Before the flood: Jess Rahman-González reviews Travis Alabanza’s play about friendship and toilets.
Cooking up a storm: Alice Saville reviews a fan-created musical inspired by Pixar’s tale of a talented rodent chef.
Travelling light: Fergus Morgan checks in for a hotel-themed magic show that’s full of flash but missing substance.
“A whole world between my fingers”: An expansive story about food (in)security and seedbanks sprouts from No Stone Theatre’s podcast, writes Frey Kwa Hawking.
Something to count on: Lily Levinson writes on Chris Bush’s collection of stories for and about dark times.
Living architecture: Andrew Edwards reviews a homage to Glasgow poet Edwin Morgan which takes the audience backstage at the Tron.
Low-growling discord: Rosemary Waugh reviews a tense 60th anniversary revival of Harold Pinter’s play.
Bending the rules: Mostyn Jones writes about two works by Hidden Track that play with the conventions of gaming and theatre.
“I seancéd my ass off”: Lily Levinson reviews Luke Bateman and Michael Conley’s one-man musical about ‘sozzled, sweary’, Spiritualist sisters.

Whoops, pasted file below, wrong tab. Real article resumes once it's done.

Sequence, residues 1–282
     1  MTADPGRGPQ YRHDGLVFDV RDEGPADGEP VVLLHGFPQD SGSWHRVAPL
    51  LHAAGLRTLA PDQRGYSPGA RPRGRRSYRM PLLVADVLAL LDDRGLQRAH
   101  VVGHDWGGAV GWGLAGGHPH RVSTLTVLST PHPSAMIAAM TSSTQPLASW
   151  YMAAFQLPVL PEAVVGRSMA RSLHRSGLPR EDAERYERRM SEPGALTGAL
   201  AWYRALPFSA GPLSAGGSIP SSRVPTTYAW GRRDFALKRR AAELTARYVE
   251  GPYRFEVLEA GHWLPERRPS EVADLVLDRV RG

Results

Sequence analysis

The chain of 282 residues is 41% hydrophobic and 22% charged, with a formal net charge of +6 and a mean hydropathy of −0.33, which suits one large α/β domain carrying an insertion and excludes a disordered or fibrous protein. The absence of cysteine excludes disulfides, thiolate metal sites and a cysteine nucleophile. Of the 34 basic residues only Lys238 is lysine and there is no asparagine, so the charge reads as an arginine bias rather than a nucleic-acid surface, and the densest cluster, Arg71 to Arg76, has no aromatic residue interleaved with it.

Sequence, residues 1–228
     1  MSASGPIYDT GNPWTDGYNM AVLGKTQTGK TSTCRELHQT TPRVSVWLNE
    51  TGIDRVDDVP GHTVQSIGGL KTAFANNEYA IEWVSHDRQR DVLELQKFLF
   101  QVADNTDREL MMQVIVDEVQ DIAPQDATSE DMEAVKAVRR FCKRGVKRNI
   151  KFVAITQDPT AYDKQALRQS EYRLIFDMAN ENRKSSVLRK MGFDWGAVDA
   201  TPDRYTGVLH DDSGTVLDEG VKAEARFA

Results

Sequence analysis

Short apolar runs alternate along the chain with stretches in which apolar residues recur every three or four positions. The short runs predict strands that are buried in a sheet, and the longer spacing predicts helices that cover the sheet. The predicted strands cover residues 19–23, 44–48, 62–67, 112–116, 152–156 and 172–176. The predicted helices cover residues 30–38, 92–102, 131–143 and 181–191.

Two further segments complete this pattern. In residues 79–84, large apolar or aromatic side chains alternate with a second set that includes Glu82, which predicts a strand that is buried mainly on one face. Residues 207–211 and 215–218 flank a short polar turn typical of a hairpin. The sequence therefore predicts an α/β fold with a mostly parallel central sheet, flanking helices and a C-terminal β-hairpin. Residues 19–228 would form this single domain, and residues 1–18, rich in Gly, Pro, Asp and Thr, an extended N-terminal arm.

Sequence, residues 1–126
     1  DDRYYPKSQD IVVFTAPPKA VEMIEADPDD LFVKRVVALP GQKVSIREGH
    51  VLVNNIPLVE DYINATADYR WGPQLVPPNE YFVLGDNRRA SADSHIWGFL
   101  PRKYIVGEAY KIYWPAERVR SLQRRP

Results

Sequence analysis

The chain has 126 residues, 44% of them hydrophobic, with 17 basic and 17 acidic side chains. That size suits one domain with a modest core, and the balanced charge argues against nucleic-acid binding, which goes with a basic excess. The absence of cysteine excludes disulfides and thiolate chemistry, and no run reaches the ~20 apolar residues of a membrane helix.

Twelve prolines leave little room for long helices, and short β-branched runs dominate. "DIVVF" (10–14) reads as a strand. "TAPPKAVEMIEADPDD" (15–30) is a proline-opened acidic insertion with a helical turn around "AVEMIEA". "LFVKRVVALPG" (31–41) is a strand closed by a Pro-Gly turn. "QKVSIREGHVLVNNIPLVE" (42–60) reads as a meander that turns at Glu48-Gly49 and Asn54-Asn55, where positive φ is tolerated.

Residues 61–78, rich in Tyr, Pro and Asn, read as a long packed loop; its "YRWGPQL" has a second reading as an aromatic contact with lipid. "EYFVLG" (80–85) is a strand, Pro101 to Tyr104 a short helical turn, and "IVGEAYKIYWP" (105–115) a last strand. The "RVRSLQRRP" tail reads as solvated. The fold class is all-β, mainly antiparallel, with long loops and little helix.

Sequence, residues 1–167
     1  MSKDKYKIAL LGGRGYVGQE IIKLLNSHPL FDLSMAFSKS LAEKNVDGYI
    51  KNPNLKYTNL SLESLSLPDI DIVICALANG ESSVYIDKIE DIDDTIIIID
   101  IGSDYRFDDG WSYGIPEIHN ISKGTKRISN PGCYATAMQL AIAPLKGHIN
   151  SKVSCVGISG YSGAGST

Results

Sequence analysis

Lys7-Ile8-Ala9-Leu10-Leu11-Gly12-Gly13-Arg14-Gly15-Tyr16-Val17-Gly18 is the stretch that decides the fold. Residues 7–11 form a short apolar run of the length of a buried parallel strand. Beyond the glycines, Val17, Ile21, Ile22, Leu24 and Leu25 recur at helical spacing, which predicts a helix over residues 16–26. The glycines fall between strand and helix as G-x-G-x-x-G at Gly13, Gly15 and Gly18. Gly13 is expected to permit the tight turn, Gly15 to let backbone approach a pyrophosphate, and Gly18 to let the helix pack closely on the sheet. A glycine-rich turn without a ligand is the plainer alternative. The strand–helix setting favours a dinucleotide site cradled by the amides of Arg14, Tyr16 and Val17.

Internal logic: James Varney writes on Darkfield’s trilogy audio works, which deliver chills with mixed success.
Floating in the void: Eve Allin writes on an innovative, unsettling text-based reimagining of Caroline Horton’s play.
‘Dream logic’: Naomi Obeng writes on Encounter’s strange, sad study on grief, reimagined as a filmed site-specific performance.
‘To be responsive is to be quick on your feet but no less considered for it’: Frey Kwa Hawking writes on Roy Williams and Clint Dyer’s agile sequel to Death of England.
Hockey, tea-towels and God: Lily Levinson reviews a ‘careful and delicate production’ of Margaret Perry’s radio play about a burgeoning teenage romance.
Smoke and mirrors: Fergus Morgan writes on a Zoom magic show that doesn’t pull off all its tricks.